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8 Lois Avenue
West Greenville, SC, 29611


We help entrepreneurs start and grow their business by training them through entrepreneurial courses, relevant classes, and valuable relationships with experienced entrepreneurs and other business professionals.


Entrepreneurial Lessons from Abraham Lincoln

Nasha Lending

Happy President’s Day!

President’s Day was first declared a federal holiday to commemorate America’s first president, although now it is now an occasion to honor all American presidents. Today we would like to honor one of the most influential and arguably one of the greatest presidents of American history—Abraham Lincoln.

Coming from humble origins as the son of a poor farmer, Abraham Lincoln rose in society in a way few have ever seen before. In this journey, he has exemplified many traits as an entrepreneurial leader, leaving behind valuable lessons for small business entrepreneurs.

“Things may come to those who wait. But only the things left by those who hustle”

Perhaps one of the greatest characteristics attributed to President Lincoln is perseverance. Lincoln climbed the social ladder to cultural and political prominence by educating himself and eventually becoming a lawyer. Entrepreneurs are often in tough situations but it’s important to remember that perseverance is the only way forward.

“Always bear in mind that your own resolution to succeed, is more important than any other one thing.”

His presidency was marked by a time of great political conflict. His election prompted the seven southern slave states to form the Confederate States of America before Lincoln even moved into the White House. In this political turmoil, he was surrounded by people with strong opinions who attempted to sway his every action and decision. Abraham Lincoln is revered for knowing when to walk away from a Cabinet meeting, making a firm decision, and not wavering in his decision. He focused on a single goal of ending and abolishing slavery, and all his decisions revolved around that goal. This applies to entrepreneurs as well—insist on succeeding, set goals, and pursue those goals fiercely.

Diversity of thought, Diversity of temperament

During his presidency, Lincoln surrounded himself with people who disagreed with him, and was not afraid to question his authority and argue with his decisions. A prime example is Salmon Chase, Lincoln’s rival who desperately wanted to become president and was constantly undermining Lincoln with his cabinet members. Lincoln appointed him as treasury secretary and evaluated him only on his job. Lincoln also surrounded himself with people who had different temperaments than him. While Lincoln was often too kind and too open. His secretary of war, Edwin Stanton, was the very opposite—very austere and secretive. Their opposite temperaments balanced each other out for the better. As entrepreneurs, it is critical to have people who will provide constructive criticism and helpful advice. It is even more important to constantly connect with a community of entrepreneurs.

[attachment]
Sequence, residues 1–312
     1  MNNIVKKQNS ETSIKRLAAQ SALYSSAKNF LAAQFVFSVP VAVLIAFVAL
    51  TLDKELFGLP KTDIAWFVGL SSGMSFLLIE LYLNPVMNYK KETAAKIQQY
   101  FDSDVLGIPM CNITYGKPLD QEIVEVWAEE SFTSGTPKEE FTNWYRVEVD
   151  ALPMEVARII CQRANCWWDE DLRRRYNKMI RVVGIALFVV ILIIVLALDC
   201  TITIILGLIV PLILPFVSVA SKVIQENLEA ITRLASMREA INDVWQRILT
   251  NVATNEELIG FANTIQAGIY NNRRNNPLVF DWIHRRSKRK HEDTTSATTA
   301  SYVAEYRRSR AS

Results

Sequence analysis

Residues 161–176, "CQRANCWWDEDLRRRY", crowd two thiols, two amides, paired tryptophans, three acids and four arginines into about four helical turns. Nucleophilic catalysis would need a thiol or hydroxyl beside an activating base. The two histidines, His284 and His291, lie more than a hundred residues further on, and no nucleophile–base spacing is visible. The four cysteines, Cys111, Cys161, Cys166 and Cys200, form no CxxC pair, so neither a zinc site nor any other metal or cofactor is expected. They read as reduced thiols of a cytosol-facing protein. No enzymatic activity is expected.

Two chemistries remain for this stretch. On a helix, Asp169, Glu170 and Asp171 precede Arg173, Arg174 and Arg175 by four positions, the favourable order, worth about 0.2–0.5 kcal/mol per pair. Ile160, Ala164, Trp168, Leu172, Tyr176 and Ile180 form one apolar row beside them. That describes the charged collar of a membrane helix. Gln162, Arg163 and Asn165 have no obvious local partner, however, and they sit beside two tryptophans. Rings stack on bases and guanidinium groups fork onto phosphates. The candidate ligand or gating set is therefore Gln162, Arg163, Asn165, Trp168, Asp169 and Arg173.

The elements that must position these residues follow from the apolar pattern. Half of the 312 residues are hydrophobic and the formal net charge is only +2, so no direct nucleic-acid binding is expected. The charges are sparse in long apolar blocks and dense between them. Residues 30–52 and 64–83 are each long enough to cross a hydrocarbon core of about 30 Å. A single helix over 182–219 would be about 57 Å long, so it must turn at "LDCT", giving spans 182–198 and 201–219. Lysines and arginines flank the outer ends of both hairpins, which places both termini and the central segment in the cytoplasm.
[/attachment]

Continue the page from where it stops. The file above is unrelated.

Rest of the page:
“Do I not destroy my enemies when I make them my friends?”

Abraham Lincoln was known as a tremendous story teller and entertainer, well-liked and well-loved by his friends and his country. One of Lincoln’s rivals, William Seward, after serving on Lincoln’s cabinet later wrote to his wife that Lincoln was an extraordinary man. Likewise, the rest of his cabinet also came to respect Abraham Lincoln as a tremendous man. It’s important to be amicable since the bread and butter of entrepreneurs is partnerships and deal-making.

Not only did Abraham Lincoln influence a crucial point in American history, he also left behind a legacy of leadership skills entrepreneurs today can learn from. Perseverance, decision-making, community, and affability—there is always room for improvement, and room to grow. Happy President’s Day and thank you, President Lincoln.


 - Jenny Lee, Nasha Lending Intern